But before we get ahead of ourselves, emerging markets signals are mixed – factory growth has surged in India and Turkey to multi-month highs but South Korean exports – a sort of bellwether on world trade – have suffered their biggest slide in three years. And remember, the Chinese manufacturing PMI remains below the neutral 50-mark dividing expansion from contraction for a third month.
Focus is also on whether China and the United States can reach a trade deal – while President Trump warned he could walk away from the talks, his economic adviser Larry Kudlow said a deal is edging closer, with talk of a meeting in March between Trump and Xi.
On other stock markets, the Nikkei jumped 1 percent, taking its cue from the weak yen, U.S. stock futures are up almost half a percent following Thursday’s weak close. But there are some concerns on that front, with many increasingly seeing a disconnect between stocks 10 percent-plus gain and negative earnings expectations for Q1. Emerging stocks are up 0.3 percent.
On the currency front, the dollar continues to flex its muscles against the yen, rising to 10-week highs versus the Japanese currency after the U.S. GDP data. Its advance gained momentum after it sailed above the technical indicator of the 200-day moving average, which is used by many funds as a key buy/sell signal. The greenback is up also against a basket of currencies, rising off three-week low that was hit Thursday when the PMI data pushed the euro higher.
The euro has come off three-week highs versus the dollar but is set for its second week of gains, while sterling is set for its second week of 1.5 percent-plus gains. Inflation data today could be a driver for the euro. German 10-year yields have already touched a new three-week high this morning.
European bourses are set to open higher but there isn't much out there to help sustain a long-lasting upward trend after Wall Street closed in the red last night. Some important macro data from France and Germany on employment and manufacturing due later on this morning could help set the mood.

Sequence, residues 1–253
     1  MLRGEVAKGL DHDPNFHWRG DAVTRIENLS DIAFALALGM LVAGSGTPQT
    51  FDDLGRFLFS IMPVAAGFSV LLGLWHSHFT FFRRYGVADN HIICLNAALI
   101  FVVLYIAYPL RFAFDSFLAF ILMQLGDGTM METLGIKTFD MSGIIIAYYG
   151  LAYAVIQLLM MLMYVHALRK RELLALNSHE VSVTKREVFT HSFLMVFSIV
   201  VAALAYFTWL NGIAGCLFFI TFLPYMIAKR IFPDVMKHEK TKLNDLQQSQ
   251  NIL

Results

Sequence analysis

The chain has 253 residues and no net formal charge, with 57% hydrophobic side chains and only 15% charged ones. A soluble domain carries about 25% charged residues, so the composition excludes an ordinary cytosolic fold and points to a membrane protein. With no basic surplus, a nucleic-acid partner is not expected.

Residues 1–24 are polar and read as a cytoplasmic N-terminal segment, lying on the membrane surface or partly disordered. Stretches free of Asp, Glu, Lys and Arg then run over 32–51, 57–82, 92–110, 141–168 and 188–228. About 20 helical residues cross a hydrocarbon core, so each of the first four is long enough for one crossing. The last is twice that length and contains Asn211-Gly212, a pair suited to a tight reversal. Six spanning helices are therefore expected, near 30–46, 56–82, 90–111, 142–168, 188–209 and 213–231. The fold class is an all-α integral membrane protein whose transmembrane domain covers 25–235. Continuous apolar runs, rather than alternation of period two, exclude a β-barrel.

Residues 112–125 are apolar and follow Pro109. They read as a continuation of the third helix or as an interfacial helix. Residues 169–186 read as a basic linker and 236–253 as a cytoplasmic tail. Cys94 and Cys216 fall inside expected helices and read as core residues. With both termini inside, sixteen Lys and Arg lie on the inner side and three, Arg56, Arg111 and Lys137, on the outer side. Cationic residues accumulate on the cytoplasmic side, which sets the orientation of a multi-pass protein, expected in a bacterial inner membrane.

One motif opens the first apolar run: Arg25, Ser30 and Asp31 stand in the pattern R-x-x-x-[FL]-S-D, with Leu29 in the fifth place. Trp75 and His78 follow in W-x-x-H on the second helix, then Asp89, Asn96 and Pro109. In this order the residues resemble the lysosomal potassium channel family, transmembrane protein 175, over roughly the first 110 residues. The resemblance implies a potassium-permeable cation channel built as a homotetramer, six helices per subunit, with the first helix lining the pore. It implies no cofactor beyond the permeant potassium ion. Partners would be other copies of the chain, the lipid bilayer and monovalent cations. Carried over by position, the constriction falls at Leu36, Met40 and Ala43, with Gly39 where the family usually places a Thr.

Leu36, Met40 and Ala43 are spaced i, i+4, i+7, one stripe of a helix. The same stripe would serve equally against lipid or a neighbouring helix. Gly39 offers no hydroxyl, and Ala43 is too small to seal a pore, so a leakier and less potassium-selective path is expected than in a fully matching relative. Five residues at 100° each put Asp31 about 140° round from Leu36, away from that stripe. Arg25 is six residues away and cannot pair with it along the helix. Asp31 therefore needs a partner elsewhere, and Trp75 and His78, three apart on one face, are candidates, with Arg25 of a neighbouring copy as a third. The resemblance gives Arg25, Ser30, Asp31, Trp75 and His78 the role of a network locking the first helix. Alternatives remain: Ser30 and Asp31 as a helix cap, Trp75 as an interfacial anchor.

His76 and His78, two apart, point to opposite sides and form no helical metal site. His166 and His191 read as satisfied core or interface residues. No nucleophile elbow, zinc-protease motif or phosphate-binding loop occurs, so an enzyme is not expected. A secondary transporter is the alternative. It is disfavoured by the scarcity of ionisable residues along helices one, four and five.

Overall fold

In corporate news -- in the UK the LSE announcing a jump in results with no Brexit hit on clearing, hedge fund Man AuM dipping, WPP predicting lower 2019 sales, Lloyds starting a share buyback programme.
In M&A news, the U.S. Justice Department is asking Thales to divest its general purpose hardware security module (GP HSM) business if it wants to go ahead with its acquisition of Gemalto. In the luxury segment, Moncler promises more growth after 19 pct jump in 2018 sales.
Emerging market stocks swung to their first gains in four days on Friday, lifted by an announcement by index publisher MSCI that it would raise the weight of Chinese mainland shares in its global benchmarks.
China’s blue-chip index accelerated 2.2 percent to cap its best week since November 2015 but worries about outflows from smaller markets took Philippines shares sharply lower.
Most Asian currencies ended the week on a softer footing. A firmer U.S. dollar and uncertainty about U.S.-China trade talks left many investors anxious. The Thai baht led declines in Asia and was on track to lose about 1 percent this week.
Argentina’s peso fell 0.9 percent after the central bank said on Thursday it had changed its foreign exchange intervention guidelines to allow it more flexibility in fighting inflation.
— A look at the day ahead from European Economics and Politics Editor Mark John and EMEA markets editor Mike Dolan. The views expressed are their own —